Now I’ve enjoyed the times when Marrs appeared on The Paracast, and he presented his evidence, so to speak, in a cogent and entertaining fashion. As an early skeptic of the lone gunman theory for the JFK assassination, I find that particular conspiracy theory to be compelling, and Marrs provided one of the better variations on the theme.

Aurora? I’m not buying it.

But Haggard clearly does, and his book is a fun read whether or not you take it seriously. He claims to have strived to make his presentation of the Aurora incident as accurate as possible. Well, except for the fact that no compelling evidence has ever been presented to demonstrate that the incident ever occurred.

Remember, too, that newspaper publishers in the 19th and early 20th centuries were prone to publish fake news to boost circulations and sell advertising. While the formats were very different, it reminds me of today’s supermarket tabloids.

And, no, I do not believe that the mainstream media deliberately fakes stories for ratings. Sure, mistakes are made, but they usually own up to them. Referring to these news outlets as the “fake news media” is nothing more than a political gimmick.

Now the Aurora case is, in its own way, similar to the Aztec case. After being summarily dispatched, it inevitably returns.

This is a fairly common phenomenon in the UFO field. But it’s not just a sighting. In some cases, a researcher exposed as a hoaxer may disappear for a while until the furore dies down, only to return a few years later as if nothing ever happened. Or with a changed spiel so as not to draw attention to the original expose that did them in.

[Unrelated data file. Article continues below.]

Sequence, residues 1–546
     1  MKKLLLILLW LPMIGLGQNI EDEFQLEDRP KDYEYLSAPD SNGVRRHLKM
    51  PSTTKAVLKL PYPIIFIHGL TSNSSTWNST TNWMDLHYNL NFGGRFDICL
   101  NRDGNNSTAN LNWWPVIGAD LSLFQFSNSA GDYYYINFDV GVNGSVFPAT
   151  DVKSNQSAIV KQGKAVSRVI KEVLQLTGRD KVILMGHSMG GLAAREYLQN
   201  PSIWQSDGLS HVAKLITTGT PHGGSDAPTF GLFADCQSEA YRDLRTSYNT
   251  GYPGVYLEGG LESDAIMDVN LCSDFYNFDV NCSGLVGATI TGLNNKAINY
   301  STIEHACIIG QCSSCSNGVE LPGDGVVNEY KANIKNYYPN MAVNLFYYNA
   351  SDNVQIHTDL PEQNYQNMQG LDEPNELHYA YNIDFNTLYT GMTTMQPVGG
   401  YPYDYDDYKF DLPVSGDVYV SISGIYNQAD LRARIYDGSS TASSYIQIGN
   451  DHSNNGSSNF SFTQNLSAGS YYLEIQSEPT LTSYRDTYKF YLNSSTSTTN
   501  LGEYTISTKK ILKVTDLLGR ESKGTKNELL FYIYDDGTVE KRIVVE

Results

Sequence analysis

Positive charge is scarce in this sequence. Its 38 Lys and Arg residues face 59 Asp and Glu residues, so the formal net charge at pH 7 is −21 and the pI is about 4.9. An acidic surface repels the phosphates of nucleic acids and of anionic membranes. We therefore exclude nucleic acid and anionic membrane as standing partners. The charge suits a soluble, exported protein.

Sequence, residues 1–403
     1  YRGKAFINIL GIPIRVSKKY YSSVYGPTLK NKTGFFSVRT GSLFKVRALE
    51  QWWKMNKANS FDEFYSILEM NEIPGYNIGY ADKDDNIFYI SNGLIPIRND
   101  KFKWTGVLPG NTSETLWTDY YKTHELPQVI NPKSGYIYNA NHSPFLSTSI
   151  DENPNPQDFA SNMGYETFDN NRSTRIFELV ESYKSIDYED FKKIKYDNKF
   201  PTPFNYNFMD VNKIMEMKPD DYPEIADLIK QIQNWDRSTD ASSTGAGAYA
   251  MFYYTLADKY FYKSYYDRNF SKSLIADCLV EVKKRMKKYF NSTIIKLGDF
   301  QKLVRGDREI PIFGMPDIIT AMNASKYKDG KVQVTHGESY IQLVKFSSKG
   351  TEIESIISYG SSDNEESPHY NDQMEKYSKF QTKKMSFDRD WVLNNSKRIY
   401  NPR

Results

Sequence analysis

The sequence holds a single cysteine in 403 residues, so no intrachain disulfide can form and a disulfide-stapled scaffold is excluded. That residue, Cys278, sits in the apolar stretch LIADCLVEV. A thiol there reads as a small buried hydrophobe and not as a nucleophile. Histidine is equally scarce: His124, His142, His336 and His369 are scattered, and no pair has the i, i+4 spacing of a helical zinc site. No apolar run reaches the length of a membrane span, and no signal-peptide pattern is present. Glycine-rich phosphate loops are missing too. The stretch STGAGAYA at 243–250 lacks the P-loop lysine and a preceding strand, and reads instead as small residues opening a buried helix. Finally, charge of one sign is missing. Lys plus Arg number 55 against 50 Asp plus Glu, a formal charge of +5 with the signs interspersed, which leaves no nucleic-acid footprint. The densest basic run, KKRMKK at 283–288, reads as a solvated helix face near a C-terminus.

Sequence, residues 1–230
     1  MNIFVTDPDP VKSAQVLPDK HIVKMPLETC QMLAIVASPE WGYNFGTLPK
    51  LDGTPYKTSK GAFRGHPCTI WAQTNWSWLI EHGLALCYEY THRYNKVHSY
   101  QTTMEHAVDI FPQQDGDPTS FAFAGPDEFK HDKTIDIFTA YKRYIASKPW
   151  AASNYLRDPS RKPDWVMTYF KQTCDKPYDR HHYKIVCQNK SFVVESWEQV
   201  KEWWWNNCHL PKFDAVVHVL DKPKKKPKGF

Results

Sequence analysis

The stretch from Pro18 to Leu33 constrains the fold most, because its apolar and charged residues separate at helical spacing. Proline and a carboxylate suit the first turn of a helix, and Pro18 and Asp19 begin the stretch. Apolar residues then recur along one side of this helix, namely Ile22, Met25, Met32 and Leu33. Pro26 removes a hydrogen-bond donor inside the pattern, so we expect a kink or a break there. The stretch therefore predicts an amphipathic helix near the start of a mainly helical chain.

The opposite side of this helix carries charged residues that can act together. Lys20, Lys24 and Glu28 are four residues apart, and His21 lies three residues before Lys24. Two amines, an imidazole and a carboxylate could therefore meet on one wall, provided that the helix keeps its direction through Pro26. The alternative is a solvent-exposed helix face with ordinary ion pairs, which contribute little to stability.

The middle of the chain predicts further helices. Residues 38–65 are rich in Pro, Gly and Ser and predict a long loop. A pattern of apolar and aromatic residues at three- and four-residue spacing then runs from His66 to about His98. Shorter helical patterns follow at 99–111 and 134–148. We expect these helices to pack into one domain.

A couple of years back, someone wrote me asking if I wanted to do an episode featuring a follower of classic contactee George Adamski.

Now Adamski died in 1965, and he was exposed as a faker early on. One of the most comprehensive explorations of his contact claims, and the silly fake photos he presented as evidence, appeared in Jim Moseley’s “Saucer News” in 1957. The text, from the Jim Moseley Memorial site that researcher Curtis Collins curates, is easily searched.

In response to the query about putting that Adamski follower on The Paracast, I informed the PR rep about that long-ago expose, and even offered to provide a link to the article.

I never heard from them again.

In 2013, The Paracast featured UK UFO researcher Timothy Good, someone who has quite a respectable background in the field. But in presenting his “meta” viewpoint on the extent and scope of the mystery, he surprised us by expressing his full and evidently enthusiastic support for Adamski’s contact claims.

Yes, even more evidence of the Dracula Effect in the UFO field.